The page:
Female role models and mentors have long been recognized as vital in encouraging more women to pursue careers in the cybersecurity sector. Ning Wang, CEO at Offensive Security, is one such woman who has taken it upon herself to fulfil this function. In addition to her day-to-day role as an executive, Wang is using her profile to help make the industry a more diverse place, in particular by providing inspiration and advice to help other women reach leadership roles. Infosecurity recently caught up with her ahead of this year’s International Women’s Day to discuss advice and practical measures that can help more women enter and achieve high profile positions in the industry.
What are the biggest challenges you have personally faced as a woman building your career in the cybersecurity industry?
At each step of my career, I’ve always been one of the few women in male-dominated fields. While I’ve always been more focused on surviving and thriving in my role, having few relatable role models made the journey more difficult. I always believed in myself; I learned to be tough, not letting others define who I am and what I can do, and I sought out the few role models there were and was fortunate to have found some good and supportive mentors. I got to where I am today through having confidence in myself, years of hard work, perseverance and with the support of my mentors and a few women role models.
When I first entered the cybersecurity world over five years ago, I had experience as a business executive building companies and products. However, I didn’t know much about the industry. Similar to how I learn about any new industry, I read a lot of industry reports, I went to conferences, I went out of my way to meet ethical hackers, to learn what they do, how they work, what’s important to them, what skills they are developing, and the cybersecurity problems they want to solve. I spoke with customers and other domain experts. I took every chance to learn specific things such as what a SQL injection is, to understanding the bigger picture of what we are trying to solve in cybersecurity at large. I was not afraid to admit when I did not know something, and I would ask questions. Through this process, I became more comfortable being an executive in a cybersecurity company. I continue to learn today in my role as Offensive Security (OffSec) CEO. It’s important we continue to learn, think critically and ask good questions.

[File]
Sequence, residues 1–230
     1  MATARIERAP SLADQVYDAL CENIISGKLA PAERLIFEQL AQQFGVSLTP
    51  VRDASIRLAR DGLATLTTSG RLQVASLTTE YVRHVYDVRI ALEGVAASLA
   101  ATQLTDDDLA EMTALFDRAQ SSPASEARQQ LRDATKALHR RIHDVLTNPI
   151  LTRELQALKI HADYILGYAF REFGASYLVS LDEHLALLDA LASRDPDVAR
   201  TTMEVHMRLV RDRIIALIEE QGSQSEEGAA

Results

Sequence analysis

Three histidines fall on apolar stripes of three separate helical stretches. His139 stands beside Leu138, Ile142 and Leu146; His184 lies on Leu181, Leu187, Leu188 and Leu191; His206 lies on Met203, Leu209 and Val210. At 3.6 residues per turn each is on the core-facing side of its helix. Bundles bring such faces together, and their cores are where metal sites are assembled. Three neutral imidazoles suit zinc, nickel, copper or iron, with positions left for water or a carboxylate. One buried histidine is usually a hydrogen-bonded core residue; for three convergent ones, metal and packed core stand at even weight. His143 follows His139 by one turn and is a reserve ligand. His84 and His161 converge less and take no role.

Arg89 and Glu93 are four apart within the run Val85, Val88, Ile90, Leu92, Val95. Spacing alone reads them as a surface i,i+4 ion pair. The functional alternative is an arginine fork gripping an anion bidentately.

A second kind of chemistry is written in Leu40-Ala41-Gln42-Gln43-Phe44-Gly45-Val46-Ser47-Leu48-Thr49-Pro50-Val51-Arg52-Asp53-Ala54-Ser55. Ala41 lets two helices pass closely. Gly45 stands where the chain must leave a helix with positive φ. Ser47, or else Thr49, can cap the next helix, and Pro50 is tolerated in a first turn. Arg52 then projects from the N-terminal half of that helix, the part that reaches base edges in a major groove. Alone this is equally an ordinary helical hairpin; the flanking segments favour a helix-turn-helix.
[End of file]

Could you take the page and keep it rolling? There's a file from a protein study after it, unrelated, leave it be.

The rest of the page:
I believe that if we can introduce and celebrate more relatable role models, if more leaders can practice being vulnerable, sharing their trying career journeys, especially the failures and the obstacles they have experienced, we can make cybersecurity a field that appeals more to women, and other people who aspire to enter and make a career in the industry, but may not think they have what it takes to succeed. If we can make cybersecurity appeal to more people, it will be one of the few realistic solutions to the skills gap problem – drawing from new talent pools, women, minorities and people with other backgrounds. As such, I’m working to break the boundaries in this industry, so that people can see that anyone is capable of starting a career in cybersecurity, thereby growing and advancing the space.
In your experience, how important is mentoring in helping women to rise to leadership positions in cybersecurity?
As cybersecurity is such a male-dominated field, virtually everything to do with it is seen through a male lens. Success as defined by men, leadership as defined by men, etc. The female role models out there have worked hard to carve out their own space, but there is still an unconscious groundswell to create only what men would define as a role model.